Hidden Nurburgring by Evoque
Snow lap of the 'ring scuppered by ... no snow - so to plan B
the otherday in Finland, but with bells on and real armco to dodge, not just snow banks.
Where's the snow then?
Everything looked bloody perfect too; cold front approaching fast, massive snowfall predicted by every single weather site and Range Rover confirming it had the full-monty, 240hp turbo, Si4 available to pick up at zero notice.
Of course, we arrive a week ahead of the snow. Typical. But the lack of white stuff means the Nurburgring is open for tourist laps.
Gearbox in S and suspension on Dynamic, the steering feedback actually encourages you to chop the throttle and oversteer into a corner. Close to two tonnes of roll-over-risk insanity. The acceleration alone is enough to raise a grin - no way should a 2.0-litre automatic SUV be chasing a BMW 330i down the back straight. But it does. And then we overtake into the next corner...
So to the Sudschleife...
Only when stopped, inhaling what's left of the brake pads, do I look at the ground clearance and chunky 17-inch winter tyres. Why stop with the Nordschleife?
Sections like the old Sudschleife, or south loop. Much of it is now a public road, the K72 from Mullenbach to the Lindner complex. Drive it for yourself and you'll see it's a frustrated race track. Other parts were ripped up in the early 80s to lay the new GP track over the top.
But nestled between the L93 and the current GP track are stretches of the original 1927 circuit. Were one to drive an Evoque on such hallowed ground, trees within arm's reach, I'm sure it would send a shiver down the spine, especially imagining what it would have been like to race a 500hp-plus GP car down here. Obviously I'm not allowed to poke the Range Rover through a narrow gully and over a two-metre dirt embankment, so you'll have to check out the computer simulation of how it would look to drive the old Sudschleife in an Evoque...
Next stop on this imagined tour is the amazing Steilstrecke. Nearly 300 metres of concrete climbing 100 metres with, maths fans, a sturdy 33 per cent gradient. Accessible today only by a narrow forestry lane with deep, tractor-gouged ruts. And the sort of thing an Evoque on winter tyres would easily shrug off, were one to attempt it. I wouldn't, obviously. It's illegal.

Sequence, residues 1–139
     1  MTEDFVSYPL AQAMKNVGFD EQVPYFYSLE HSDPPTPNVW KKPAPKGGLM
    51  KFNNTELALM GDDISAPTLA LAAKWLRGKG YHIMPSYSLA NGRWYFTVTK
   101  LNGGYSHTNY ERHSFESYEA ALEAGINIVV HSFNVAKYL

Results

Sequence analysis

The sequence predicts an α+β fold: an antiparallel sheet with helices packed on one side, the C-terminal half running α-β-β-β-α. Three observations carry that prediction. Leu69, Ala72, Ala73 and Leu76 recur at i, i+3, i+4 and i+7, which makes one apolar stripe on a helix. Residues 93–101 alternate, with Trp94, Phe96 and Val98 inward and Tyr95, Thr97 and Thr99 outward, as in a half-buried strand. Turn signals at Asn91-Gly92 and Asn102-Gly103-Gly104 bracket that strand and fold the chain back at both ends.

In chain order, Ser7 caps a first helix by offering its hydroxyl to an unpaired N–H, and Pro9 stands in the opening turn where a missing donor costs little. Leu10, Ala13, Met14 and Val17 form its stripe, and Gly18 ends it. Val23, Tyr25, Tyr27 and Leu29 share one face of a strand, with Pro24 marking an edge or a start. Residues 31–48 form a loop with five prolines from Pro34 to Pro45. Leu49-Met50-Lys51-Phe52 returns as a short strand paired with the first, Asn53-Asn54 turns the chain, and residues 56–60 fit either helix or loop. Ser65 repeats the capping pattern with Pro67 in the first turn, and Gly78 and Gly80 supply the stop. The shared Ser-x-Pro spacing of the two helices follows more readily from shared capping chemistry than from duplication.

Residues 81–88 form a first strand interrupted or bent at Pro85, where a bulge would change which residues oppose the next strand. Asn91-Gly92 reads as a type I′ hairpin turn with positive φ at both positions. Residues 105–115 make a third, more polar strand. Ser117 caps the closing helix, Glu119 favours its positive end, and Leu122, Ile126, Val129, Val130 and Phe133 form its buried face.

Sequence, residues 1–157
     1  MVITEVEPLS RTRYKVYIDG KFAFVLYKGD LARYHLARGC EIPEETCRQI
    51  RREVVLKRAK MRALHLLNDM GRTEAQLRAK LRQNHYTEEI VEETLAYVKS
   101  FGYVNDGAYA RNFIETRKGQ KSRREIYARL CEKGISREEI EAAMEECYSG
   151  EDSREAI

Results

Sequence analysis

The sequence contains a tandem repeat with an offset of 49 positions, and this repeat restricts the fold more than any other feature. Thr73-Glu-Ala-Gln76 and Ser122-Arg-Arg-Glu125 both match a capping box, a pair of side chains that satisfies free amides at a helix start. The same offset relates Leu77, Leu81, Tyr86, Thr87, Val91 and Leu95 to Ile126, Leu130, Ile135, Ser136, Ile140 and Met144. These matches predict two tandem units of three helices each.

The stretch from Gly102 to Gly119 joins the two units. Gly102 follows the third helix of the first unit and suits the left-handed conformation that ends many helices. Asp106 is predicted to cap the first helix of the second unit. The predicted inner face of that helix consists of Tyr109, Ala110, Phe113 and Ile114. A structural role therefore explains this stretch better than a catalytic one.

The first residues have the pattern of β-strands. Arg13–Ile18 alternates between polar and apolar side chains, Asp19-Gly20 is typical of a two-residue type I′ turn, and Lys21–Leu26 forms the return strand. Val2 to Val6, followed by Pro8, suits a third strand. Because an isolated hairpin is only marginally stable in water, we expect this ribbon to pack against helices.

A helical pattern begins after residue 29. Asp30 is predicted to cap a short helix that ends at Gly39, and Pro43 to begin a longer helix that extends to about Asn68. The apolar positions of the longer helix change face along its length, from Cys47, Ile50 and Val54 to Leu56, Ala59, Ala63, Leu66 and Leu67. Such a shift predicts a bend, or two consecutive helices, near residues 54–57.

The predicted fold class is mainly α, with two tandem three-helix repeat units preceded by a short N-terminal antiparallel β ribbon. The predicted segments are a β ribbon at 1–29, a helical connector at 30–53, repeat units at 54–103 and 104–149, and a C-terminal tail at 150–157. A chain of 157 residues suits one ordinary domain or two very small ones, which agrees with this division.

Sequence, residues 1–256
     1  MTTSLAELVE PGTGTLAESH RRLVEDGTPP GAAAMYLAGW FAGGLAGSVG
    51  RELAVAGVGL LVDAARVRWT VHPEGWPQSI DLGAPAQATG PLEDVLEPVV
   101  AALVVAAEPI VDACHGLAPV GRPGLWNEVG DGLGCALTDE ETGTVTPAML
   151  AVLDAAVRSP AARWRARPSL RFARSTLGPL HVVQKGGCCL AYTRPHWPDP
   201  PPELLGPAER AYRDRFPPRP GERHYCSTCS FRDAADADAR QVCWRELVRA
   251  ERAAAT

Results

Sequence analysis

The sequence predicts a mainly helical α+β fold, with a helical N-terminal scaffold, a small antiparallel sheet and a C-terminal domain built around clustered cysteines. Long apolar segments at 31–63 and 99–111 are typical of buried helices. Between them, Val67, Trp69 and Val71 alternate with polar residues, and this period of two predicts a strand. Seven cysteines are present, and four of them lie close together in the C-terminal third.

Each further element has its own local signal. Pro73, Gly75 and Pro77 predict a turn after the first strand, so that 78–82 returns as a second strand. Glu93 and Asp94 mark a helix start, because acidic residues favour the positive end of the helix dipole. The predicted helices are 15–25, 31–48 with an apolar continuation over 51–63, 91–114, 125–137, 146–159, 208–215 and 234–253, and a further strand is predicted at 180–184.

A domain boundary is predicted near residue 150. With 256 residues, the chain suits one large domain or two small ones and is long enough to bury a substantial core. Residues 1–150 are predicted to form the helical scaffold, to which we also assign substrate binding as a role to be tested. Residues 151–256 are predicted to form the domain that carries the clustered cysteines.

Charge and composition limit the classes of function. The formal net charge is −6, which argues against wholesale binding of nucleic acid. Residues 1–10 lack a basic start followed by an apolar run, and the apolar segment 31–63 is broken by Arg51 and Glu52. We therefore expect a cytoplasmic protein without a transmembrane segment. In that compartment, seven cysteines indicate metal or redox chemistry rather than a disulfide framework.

Nor would I then drive the Evoque, without any dramas whatsoever, up a one-in-three gradient on slippery concrete. Or go back down again, practically hands-free on the Hill Descent Control. Just as well, because heading down a slope like that covered in icy patches towards a massive steel gate and oncoming Nordschleife tourist traffic with no feet on the pedals would be quite scary. I imagine.
To then be able to take the same car, caked in mud and ice from this fantasy off-road tour, and go out for another lap on the Nordschleife would be incredible. Enough to overturn a lifetime's anti-SUV prejudice. And perhaps crave that heart-shaped swimming pool too.
Range Rover Evoque Si4
Engine: 2.0-litre 4-cyl turbo
Power (hp): 240
Torque (lb ft): 251
0-62mph: 7.6 sec
Top speed: 135mph
MPG: 32.5mpg (NEDC combined)
Price: £39,995 (list)
I shouldn't like it: automatic, SUV and a 'lifestyle choice' but....I can't help myself. I've seen a few in the flesh and they look pretty good.
Sounds like it's good to drive as well - could I be tempted?
I've seen 3 since Saturday, and i think they look fantastic! Really good looking cars/4x4s/whatever you want to call them, imo.
On the subject of the Evoque, it is one hell of a car. I've been driving an Si4 for the past few days (albeit in 5-door form) and am simply astounded by its all-round abilities. It handles brilliantly for what it is, goes better than you'd ever imagine in a straight line and even sounds alright. The interior is a cut above and it's filled with lovely little touches that just make you smile. And the best bit? It's built in the UK.
Impressive for a 2 tonne SUV, Yes. A performance car, No. ;-)
I was a passenger in an Integra Type R at the 'ring when we were passed by a 2.5tdi Touareg. The difference was that the Integra driver was half way around his second ever lap, the driver of the German registered Touraeg had clearly completed several hunderd laps. Didnt let that little fact prevent a massive mickey taking though
On a side note, before I drove the Evoque I couldn't give two hoots about SUVs. And I was so patriotic that I moved to a different country. BUT BUT BUT... I get a warm glow inside knowing that Jaguar and Land Rover are taking British quality and quirkiness to a higher level and duffing up plenty of 'established' competitors in the way. It's a hell of a product, even if it's not your cup of tea!